The Duel Project: Aragami
The Duel Project started out as a drunken bet, when Japanese movie producer Shinya Kawai challenged two up-and-coming directors to each make a film that had only two actors, who would fight to the death, in a single location – it also had to be shot in less than a week, and stick to a tiny budget. The results were Aragami and 2LDK (2LDK REVIEW HERE)
Aragami: two wounded soldiers collapse at the door of a monastery, but when one wakens up the hospitality doesn’t last long. This film couldn’t be more different to 2LDK. The dialogue feels slow and padded out. There’s continual talk of magic, immortality, demons, goblins and such fantasy staples – bit of a turn-off for me. The film’s soundtrack is OTT porno music / thrash metal, and the tone is equally unusual – slapstick/manga. All familiar territory for Ryuhei Kitamura who’s biggest film to date was Versus, and was using this as a ‘dry run’ for Azumi – unfortunately the film only finds its stride in the last 10 minutes. My favourite aspect was how much the film was steeped in a history of swordplay and swordfighting movies yesteryear – from intricate/complex katana flare, down to some lovely, old school, ‘Shing! Ching!’ metal-clashing sound effects. Aragami isn’t a bad film, but watching it after 2LDK really takes the sting out it’s tail: whereas you enjoy the pressure-cooker buildup in 2LDK, Aragami’s set-up feels flat and uninteresting, you just want to see these guys battle it out, and when it does roll round, it feels much shorter and less innovative/satisfying than the other movie. The Duel Project is definitely worth checking out, but I’d recommend watching this first, building up to the superior 2LDK.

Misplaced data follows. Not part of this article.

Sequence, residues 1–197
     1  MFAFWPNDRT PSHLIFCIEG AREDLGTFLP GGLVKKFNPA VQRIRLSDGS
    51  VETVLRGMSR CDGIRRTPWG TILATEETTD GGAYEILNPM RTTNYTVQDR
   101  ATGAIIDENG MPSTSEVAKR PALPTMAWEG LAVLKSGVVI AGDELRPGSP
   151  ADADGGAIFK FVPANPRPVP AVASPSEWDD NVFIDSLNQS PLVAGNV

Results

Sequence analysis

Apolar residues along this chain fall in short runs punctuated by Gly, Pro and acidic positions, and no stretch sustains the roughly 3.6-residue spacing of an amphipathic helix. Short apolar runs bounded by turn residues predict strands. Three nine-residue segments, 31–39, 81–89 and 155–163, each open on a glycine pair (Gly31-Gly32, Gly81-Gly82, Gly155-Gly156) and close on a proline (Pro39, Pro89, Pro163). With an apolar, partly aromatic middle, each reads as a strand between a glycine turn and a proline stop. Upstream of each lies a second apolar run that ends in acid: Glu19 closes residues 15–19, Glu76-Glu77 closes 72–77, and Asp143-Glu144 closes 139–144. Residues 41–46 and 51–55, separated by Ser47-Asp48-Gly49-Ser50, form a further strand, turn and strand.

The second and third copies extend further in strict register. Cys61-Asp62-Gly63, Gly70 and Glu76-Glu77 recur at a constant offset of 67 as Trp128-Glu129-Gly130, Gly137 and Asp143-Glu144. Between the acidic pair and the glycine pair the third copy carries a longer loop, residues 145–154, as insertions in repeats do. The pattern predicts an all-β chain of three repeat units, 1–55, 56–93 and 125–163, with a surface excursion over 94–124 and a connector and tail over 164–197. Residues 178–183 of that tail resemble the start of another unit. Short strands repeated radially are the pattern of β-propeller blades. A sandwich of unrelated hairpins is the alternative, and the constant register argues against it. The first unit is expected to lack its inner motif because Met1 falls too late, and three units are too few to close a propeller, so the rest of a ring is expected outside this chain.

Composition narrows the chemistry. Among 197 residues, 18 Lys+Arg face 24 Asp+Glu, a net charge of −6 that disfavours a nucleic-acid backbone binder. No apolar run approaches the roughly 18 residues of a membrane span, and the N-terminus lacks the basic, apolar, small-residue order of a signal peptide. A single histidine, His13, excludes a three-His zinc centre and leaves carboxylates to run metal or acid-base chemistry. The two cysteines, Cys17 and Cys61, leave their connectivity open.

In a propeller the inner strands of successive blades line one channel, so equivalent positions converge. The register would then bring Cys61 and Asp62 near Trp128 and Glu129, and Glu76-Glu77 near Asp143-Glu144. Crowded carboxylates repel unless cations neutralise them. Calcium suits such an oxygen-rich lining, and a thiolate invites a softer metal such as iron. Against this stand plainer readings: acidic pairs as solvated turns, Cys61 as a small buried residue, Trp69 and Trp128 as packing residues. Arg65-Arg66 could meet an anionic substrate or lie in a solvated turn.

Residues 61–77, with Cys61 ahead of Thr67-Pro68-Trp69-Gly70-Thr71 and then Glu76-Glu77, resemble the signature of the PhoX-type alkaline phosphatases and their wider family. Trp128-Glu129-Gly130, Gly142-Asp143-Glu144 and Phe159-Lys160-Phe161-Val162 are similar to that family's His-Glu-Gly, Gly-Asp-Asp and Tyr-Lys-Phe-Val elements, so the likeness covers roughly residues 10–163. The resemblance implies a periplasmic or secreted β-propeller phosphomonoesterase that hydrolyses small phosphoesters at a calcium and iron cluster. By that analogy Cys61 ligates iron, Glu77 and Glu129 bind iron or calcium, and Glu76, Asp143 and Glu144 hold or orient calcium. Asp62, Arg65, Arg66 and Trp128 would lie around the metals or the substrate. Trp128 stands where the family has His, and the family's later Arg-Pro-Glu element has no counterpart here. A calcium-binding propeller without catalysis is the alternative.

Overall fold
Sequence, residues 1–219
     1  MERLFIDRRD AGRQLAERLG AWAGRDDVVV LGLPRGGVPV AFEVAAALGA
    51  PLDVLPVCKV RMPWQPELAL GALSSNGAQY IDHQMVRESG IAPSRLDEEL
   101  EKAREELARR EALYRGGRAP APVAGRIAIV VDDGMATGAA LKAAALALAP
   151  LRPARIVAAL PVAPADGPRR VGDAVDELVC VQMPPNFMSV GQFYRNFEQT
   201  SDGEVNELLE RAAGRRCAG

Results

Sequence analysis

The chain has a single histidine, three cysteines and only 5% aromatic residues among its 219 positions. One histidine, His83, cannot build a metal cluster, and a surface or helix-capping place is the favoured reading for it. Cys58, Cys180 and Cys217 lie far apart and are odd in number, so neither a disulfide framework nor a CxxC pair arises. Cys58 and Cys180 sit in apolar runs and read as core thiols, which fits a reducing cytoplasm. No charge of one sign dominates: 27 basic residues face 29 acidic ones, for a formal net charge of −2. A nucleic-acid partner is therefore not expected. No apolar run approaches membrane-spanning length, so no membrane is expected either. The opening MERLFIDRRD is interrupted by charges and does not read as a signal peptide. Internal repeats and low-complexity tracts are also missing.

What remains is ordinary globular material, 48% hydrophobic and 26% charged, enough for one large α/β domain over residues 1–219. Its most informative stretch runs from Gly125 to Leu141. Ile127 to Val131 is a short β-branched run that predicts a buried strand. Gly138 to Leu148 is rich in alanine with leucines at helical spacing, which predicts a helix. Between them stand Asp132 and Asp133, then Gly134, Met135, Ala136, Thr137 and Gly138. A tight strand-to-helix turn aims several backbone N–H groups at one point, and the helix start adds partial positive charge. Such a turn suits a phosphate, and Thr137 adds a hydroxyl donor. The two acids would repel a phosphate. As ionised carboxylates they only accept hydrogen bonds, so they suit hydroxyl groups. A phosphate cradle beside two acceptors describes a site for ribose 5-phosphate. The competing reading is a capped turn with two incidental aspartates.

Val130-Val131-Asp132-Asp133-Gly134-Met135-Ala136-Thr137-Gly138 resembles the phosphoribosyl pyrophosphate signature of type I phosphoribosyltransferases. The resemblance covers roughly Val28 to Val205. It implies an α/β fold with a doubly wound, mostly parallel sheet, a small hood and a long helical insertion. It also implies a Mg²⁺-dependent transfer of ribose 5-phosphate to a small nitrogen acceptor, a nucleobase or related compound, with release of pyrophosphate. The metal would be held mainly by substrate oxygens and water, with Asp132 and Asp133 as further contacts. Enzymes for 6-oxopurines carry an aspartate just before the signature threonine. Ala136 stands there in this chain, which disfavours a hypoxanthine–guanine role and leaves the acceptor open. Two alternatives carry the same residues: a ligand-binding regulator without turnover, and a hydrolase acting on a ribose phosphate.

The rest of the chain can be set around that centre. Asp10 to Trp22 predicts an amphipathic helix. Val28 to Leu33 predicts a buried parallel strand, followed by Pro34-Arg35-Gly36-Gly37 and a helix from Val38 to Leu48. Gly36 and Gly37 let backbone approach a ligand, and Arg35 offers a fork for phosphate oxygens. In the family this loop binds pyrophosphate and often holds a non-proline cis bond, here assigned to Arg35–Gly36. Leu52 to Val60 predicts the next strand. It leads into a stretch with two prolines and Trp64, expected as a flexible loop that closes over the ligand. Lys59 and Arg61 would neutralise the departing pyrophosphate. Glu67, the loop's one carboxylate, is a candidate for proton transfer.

I liked both parts of The Duel Project, I saw the two films together, I think this is the best way to appreciate the concept.
Totally – watched these back to back, but should have probably done them the other way around.
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